But I digress. Upon spamming out the pics I zeroed in on an image or three and realized that these were not Cole wheels at all. After receiving the very wheels Amy asked me to get so that this unfortunate chapter would sink into the past, she took the stickers off the rims and applied them to whatever she was using all along. When I called her to the mat on this, she apologized and admitted to the deception. There’s more to it than I can write here, and all of it is tethered to what I consider a complete lack of respect for a system of support that works extremely well. I thought the ordeal, especially after all the excuses I had to make for her, and all the hand-holding that occurred—after all of this, the relabeling debacle was a major league slap in the face atmo. That’s when I decided to open a window and ask her to come in and fulfill the obligations we all made to each other in the summer, or leave through it.
Looking back on the situation, the issues, the arrogance, and the cavalier attitude that I was met with through every conversation I had with her regarding the wheels and related stuff—it was a very bad rider-sponsor relationship. I have to take blame and responsibility for some of it because I could have been more direct about the wheel thing as soon as I sensed there was a problem. I hoped it would right itself with some prodding, peer pressure, and some long race weekends where the team’s energy would somehow communicate that her choices and actions were wrong and counterproductive. That it lasted until mid October will always be on my conscience because I believed we had a good solid foundation of support and trust, and were well on the way to becoming friends in addition to being teammates. And I’ll further qualify that by adding that, in all of my years running a team, I have never had a bad rider-sponsor relationship.
RKP: Couldn’t re-decaling a set of wheels (or any other component) make you look bad to your sponsor, maybe even endanger your relationship with that sponsor?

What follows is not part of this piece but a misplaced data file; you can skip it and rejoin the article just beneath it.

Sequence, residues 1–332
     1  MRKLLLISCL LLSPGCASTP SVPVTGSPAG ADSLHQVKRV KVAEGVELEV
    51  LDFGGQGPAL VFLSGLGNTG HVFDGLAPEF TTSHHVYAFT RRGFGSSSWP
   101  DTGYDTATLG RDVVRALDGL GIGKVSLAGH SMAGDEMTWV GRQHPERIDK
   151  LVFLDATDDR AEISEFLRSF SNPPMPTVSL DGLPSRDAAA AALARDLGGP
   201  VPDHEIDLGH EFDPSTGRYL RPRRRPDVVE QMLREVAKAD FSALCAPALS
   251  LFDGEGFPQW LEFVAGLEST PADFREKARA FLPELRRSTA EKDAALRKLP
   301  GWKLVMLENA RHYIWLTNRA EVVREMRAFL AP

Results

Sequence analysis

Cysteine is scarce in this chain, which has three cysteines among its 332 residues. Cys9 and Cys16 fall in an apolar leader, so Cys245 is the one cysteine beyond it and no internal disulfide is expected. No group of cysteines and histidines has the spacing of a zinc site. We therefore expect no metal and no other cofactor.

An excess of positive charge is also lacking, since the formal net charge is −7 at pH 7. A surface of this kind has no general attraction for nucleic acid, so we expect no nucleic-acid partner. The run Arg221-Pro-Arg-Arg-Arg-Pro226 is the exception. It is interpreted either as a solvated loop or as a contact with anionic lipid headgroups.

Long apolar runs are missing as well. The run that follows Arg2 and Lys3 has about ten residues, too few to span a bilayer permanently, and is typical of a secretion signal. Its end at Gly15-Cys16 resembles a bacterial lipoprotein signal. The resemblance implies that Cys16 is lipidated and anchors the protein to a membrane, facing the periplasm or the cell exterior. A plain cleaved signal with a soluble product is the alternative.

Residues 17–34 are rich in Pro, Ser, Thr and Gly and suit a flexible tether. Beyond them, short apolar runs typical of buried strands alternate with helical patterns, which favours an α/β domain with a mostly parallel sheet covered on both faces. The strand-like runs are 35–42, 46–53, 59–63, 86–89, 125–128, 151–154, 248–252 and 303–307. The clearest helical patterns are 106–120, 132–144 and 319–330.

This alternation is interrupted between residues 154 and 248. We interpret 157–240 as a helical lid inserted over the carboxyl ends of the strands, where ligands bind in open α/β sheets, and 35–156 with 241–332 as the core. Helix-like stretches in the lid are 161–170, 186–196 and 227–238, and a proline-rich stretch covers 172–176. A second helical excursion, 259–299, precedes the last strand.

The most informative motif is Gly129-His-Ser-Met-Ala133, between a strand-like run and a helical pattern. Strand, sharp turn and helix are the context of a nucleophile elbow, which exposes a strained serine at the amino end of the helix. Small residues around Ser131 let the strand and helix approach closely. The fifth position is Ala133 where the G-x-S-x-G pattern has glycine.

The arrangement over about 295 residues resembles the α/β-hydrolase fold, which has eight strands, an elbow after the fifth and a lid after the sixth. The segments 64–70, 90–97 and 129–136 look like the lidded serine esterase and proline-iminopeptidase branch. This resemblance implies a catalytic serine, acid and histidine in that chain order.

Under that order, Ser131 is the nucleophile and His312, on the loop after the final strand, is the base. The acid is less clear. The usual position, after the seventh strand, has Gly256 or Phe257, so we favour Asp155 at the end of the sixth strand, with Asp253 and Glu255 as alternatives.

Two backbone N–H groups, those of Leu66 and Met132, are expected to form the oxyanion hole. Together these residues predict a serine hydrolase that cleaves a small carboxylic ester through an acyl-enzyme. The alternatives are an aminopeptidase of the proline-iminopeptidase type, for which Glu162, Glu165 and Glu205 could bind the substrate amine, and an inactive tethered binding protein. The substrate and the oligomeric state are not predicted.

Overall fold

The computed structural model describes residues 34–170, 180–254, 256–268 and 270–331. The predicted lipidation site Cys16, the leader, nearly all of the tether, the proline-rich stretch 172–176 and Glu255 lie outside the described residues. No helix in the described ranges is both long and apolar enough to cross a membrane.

RS: Without even getting into the ethics of it or what goes on in behind-the-scenes deals made in other levels of the sport, using any part or component that isn’t supplied by a team sponsor (all parts and suppliers being in place and fully committed by the early Summer before each season begins) is not allowed. Except for this 2009 situation, it has been not an issue that has reared its head in our midst. And, to make it worse than worse, to do a relabeling gig after all the meetings we had about brand loyalty, commitment, and integrity, reflects a character trait that I do not wish to associate with personally or professionally.
RKP: So are you saying Dombroski was willing to risk sponsorship of the entire team just to have what she believed would make the difference in winning?
RKP: Do you give your riders any latitude about what equipment they use or do you specify everything?
RS: I don’t have to. We are a fully supported and sponsored team with every single part supplied by a long term industry brand name. We race on SRAM drivetrains, Oval Concepts stems, ‘bars, and seat posts, Cane Creek headsets and cantis, Cole Wheels, Crank Brothers pedals, Selle San Marco saddles, Wippermann chains, Clement tires, wearing Verge kits, Rudy Project helmets and eyewear, and most of us using Northwave shoes.
RKP: Has anyone complained before?
RS: To me—only Amy
To others—only Amy as far as I know.
RKP: ‘Cross Nats are coming up. You will be facing riders that you haven’t raced against this season. Any guys out there have you concerned?
RS: Will, Josh, Dan, Matt, and myself have all been in fields this year that have the best from the categories we race within. We have at least five wins in UCI races, countless podiums and top tens, Matt has won several Masters 35+ events, and I have won five 55+ races All of us are in very good shape and extremely motivated. Atmo the Natz will be just another day at the office.
RKP: Care to make any predictions about how your team members will go in their races?
RS: We’ll finish the season as we began it: representing all of our sponsors and suppliers in the best manner possible and continue giving good brand. We’ll use the last two weekends to crowd in many more memories that will carry us through the off-season months, and we’ll be there for each other another 20 days or so to ensure that we all get as close as possible to meeting our personal goals for ‘cross.
In-the-trenches images courtesy Anthony Skorochod, CyclingCaptured.com